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    ABSTRACT: Intrauterine growth restriction (IUGR) is one of the most common concerns in human obstetrics and domestic animal production. It is usually caused by placental insufficiency, which decreases fetal uptake of nutrients (especially amino acids) from the placenta. Amino acids are not only building blocks for protein but also key regulators of metabolic pathways in fetoplacental development. The enhanced demands of amino acids by the developing conceptus must be met via active transport systems across the placenta as normal pregnancy advances. Growing evidence indicates that IUGR is associated with a reduction in placental amino acid transport capacity and metabolic pathways within the embryonic/fetal development. The positive relationships between amino acid concentrations in circulating maternal blood and placental amino acid transport into fetus encourage designing new therapies to prevent or treat IUGR by enhancing amino acid availability in maternal diets or maternal circulation. Despite the positive effects of available dietary interventions, nutritional therapy for IUGR is still in its infancy. Based on understanding of the underlying mechanisms whereby amino acids promote fetal growth and of their dietary requirements by IUGR, supplementation with functional amino acids (e.g., arginine and glutamine) hold great promise for preventing fetal growth restriction and improving health and growth of IUGR offspring.
    Full-text · Article · Mar 2014 · Amino Acids
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    • "The extracted compound list for each file was exported as Compound Exchange Format (. cef) file for further Mass Profiler Professional (version B.2.00, Agilent) statistical analysis. The resulting feature files for each sample were processed by ANOVA and PCA analysis utilizing the MPP software, which aligned, normalized, visualized and filtered the molecular features (MFs), for further processing [18], [19], [20], [21]. Subsequently, hierarchical clustering (condition tree) was applied to the data files. "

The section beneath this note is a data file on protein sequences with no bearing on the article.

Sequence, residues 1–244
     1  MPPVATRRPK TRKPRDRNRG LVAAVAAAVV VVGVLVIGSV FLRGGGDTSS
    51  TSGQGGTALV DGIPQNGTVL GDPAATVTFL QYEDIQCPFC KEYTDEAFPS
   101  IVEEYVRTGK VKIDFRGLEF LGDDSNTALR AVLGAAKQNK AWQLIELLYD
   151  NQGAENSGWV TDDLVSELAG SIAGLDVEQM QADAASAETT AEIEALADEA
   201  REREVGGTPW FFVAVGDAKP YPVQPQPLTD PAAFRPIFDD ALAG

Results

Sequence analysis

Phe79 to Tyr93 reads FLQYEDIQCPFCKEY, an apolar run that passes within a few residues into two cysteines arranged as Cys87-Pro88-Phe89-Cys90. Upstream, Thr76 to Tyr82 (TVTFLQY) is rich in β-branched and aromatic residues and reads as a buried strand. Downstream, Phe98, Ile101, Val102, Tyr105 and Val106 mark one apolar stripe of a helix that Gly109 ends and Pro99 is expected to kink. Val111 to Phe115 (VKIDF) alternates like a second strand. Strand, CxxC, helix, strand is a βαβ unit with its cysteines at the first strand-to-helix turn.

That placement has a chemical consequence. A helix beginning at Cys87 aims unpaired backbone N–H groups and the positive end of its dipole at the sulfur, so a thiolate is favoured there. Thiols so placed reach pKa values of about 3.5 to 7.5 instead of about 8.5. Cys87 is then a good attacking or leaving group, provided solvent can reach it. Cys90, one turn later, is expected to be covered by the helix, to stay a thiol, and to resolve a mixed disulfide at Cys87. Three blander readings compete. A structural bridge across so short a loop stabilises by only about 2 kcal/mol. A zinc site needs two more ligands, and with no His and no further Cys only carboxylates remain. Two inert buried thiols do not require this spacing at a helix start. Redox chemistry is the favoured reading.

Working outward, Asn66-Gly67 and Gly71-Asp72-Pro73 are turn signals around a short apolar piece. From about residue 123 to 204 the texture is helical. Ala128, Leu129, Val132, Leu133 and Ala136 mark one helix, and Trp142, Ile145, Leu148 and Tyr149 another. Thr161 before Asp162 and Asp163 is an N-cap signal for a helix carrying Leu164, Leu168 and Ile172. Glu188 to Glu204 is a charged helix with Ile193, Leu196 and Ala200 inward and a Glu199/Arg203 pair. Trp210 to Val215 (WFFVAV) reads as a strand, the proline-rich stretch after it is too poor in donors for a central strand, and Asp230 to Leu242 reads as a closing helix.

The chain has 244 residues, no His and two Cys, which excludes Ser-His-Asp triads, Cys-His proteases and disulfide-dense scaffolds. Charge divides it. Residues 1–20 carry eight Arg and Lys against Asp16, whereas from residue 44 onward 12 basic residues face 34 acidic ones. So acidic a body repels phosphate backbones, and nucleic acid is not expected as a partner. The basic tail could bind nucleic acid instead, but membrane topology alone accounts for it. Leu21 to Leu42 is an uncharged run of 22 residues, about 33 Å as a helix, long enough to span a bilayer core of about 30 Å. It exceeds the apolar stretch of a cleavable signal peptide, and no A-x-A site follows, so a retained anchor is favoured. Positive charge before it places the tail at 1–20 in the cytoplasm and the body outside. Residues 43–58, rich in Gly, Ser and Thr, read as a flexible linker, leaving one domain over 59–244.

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    ABSTRACT: Metabolomics, the systematic analysis of potential metabolites in a biological specimen, has been increasingly applied to discovering biomarkers, identifying perturbed pathways, measuring therapeutic targets, and discovering new drugs. By analyzing and verifying the significant difference in metabolic profiles and changes of metabolite biomarkers, metabolomics enables us to better understand substance metabolic pathways which can clarify the mechanism of Traditional Chinese Medicines (TCM). Corydalis yanhusuo alkaloid (CA) is a major component of Qizhiweitong (QZWT) prescription which has been used for treating gastric ulcer for centuries and its mechanism remains unclear completely. Metabolite profiling was performed by high-performance liquid chromatography combined with time-of-flight mass spectrometry (HPLC/ESI-TOF-MS) and in conjunction with multivariate data analysis and pathway analysis. The statistic software Mass Profiller Prossional (MPP) and statistic method including ANOVA and principal component analysis (PCA) were used for discovering novel potential biomarkers to clarify mechanism of CA in treating acid injected rats with gastric ulcer. The changes in metabolic profiling were restored to their base-line values after CA treatment according to the PCA score plots. Ten different potential biomarkers and seven key metabolic pathways contributing to the treatment of gastric ulcer were discovered and identified. Among the pathways, sphingophospholipid metabolism and fatty acid metabolism related network were acutely perturbed. Quantitative real time polymerase chain reaction (RT-PCR) analysis were performed to evaluate the expression of genes related to the two pathways for verifying the above results. The results show that changed biomarkers and pathways may provide evidence to insight into drug action mechanisms and enable us to increase research productivity toward metabolomics drug discovery.
    Full-text · Article · Jan 2014 · PLoS ONE